Rapes in Strathclyde area increase by 25% as violent crime falls
The number of recorded rapes in the Strathclyde Police area increased by 25% in the past year, while violent crime fell by 20%.
Figures contained in the force's annual report said 450 rapes were reported in 2011/12, compared to 361 in 2010/11.
Recorded cases of violent crime fell from 6,556 to 5,222 over the year.
The murder rate fell from 58 to 51, with attempted murders down from 278 to 209. Cases of culpable homicide increased slightly, from six to 10.
The rape case figures are the first full-year statistics to be produced since the Sexual Offences (Scotland) Act 2009 became effective in December 2010.
The act widened the definition of rape, gave a legal definition of consent and a legal recognition of male rape.
Sandy Brindley, co-ordinator of Rape Crisis Scotland, said the new definition of rape could have affected the figures.
She said: "It's always difficult to draw conclusions from rape figures as they may go up because women have increased confidence in the police to take their allegations seriously."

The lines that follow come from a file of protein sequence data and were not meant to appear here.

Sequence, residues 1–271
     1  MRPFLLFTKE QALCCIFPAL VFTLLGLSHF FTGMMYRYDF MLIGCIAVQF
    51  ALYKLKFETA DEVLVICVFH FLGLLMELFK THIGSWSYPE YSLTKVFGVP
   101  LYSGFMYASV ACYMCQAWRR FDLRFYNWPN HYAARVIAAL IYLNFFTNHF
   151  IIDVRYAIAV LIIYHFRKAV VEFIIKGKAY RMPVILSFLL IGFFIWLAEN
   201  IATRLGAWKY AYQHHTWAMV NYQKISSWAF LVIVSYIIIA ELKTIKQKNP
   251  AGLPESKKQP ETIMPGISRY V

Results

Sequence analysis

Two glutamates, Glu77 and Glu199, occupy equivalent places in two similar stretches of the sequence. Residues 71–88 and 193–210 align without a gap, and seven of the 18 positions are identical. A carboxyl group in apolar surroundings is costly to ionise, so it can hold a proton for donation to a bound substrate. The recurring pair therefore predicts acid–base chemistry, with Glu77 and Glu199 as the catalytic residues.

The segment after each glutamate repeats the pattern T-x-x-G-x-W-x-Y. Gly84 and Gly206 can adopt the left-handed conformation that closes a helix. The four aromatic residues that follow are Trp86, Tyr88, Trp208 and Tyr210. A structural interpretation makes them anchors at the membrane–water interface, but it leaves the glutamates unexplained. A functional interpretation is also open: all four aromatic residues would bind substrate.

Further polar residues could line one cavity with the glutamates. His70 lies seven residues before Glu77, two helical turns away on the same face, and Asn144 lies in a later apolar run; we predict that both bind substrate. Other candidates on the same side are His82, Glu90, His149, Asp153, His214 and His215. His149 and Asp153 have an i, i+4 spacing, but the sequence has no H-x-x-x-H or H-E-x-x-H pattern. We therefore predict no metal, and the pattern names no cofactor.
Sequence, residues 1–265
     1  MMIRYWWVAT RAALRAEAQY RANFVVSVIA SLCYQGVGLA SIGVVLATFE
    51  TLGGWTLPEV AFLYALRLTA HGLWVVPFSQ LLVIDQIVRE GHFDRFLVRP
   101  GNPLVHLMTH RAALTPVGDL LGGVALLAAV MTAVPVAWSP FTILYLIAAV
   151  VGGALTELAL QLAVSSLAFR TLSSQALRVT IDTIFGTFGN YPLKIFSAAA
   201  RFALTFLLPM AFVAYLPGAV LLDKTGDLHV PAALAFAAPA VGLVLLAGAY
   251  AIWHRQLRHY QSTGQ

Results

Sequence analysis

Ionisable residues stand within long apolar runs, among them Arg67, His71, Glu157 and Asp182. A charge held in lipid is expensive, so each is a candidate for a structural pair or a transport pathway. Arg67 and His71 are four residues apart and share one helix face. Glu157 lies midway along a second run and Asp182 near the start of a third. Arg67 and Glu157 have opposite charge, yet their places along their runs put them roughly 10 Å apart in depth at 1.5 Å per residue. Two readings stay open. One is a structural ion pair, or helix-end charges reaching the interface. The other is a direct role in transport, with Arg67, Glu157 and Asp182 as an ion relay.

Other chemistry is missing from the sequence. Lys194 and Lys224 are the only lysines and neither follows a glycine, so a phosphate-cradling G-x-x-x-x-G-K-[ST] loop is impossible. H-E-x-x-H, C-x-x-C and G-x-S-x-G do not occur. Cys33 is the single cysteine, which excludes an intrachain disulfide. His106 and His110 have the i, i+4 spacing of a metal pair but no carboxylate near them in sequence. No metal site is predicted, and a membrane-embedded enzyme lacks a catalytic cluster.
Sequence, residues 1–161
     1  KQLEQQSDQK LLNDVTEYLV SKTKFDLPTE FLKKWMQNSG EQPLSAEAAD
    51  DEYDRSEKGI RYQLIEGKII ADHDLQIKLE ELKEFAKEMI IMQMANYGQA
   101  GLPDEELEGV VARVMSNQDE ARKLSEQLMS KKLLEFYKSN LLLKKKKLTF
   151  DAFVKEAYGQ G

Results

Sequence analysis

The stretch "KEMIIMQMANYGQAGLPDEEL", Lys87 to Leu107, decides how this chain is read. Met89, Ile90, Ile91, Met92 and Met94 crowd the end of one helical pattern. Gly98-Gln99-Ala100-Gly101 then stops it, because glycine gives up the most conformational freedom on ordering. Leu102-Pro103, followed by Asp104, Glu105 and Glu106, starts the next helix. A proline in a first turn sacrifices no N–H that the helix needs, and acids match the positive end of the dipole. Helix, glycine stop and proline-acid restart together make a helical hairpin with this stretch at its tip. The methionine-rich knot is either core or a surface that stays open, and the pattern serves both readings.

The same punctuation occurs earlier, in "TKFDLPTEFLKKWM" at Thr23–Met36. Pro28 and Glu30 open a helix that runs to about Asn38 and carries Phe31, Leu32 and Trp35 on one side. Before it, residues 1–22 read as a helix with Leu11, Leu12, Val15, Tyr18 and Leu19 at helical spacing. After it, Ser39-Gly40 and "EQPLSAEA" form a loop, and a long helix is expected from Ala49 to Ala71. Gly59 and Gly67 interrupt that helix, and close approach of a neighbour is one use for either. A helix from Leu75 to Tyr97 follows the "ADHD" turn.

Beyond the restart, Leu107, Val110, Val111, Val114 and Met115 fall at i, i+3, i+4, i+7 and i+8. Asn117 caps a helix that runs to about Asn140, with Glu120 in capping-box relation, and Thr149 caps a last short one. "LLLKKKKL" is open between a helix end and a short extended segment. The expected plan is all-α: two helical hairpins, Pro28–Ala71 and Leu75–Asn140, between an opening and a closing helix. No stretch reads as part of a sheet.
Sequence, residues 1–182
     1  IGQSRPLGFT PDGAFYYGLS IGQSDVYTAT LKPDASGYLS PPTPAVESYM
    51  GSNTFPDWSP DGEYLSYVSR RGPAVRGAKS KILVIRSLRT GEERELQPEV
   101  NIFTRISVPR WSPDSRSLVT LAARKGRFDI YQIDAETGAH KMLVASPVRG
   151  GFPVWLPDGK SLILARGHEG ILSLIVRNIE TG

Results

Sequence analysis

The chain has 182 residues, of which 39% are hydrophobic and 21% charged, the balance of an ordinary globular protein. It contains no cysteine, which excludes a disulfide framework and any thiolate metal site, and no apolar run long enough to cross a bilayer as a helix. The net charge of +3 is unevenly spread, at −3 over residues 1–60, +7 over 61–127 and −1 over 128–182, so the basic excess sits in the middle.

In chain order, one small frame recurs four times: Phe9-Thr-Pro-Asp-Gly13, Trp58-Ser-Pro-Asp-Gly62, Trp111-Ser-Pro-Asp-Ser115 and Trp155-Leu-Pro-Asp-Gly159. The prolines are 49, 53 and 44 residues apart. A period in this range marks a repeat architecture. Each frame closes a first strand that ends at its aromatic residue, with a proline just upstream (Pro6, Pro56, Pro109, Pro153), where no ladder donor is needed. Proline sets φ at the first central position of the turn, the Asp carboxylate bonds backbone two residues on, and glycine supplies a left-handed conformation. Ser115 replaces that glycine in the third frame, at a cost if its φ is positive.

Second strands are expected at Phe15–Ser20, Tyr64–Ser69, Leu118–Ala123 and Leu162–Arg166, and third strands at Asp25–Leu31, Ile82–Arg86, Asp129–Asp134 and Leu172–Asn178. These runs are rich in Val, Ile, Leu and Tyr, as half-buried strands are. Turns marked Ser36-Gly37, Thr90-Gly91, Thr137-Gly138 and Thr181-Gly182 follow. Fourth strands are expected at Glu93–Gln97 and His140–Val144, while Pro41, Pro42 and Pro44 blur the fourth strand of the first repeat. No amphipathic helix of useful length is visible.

The annual report also showed other falls in violent crime figures.
Serious assaults were down from 3,028 to 2,530 and cases of robbery and assault with intent to rob dropped from 1,488 to 1,246.
The annual report is the last to be published by Strathclyde Police ahead of the creation of a single Scottish force.
Chief Constable Stephen House said: "I am pleased to introduce this year's annual report, which clearly shows a sustained decline in violent crime right across the force area.
"Since I returned to Scotland in 2007 my focus has been on tackling violence in the west of Scotland, which sadly had become an accepted part of our culture.
"The results show that we have made significant progress. However, figures are not everything and for me the real success lies in the prevention of crime, the reduction of the numbers of families and communities affected by crime and the increase in our ability to keep people safe."
The annual report also shows that the Strathclyde force considers it has deprived serious and organised crime gangs of about £37m in the past year through preventing access to public and private contracts.